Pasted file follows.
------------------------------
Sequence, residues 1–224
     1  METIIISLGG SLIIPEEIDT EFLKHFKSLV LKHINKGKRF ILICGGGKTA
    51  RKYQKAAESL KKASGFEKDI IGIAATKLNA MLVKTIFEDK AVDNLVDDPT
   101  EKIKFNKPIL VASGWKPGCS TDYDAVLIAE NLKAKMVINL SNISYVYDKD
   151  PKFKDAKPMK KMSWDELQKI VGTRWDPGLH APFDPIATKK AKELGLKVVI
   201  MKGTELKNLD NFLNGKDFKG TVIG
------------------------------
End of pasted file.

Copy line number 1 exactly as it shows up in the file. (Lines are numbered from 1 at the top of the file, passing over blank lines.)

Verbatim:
Sequence, residues 1–224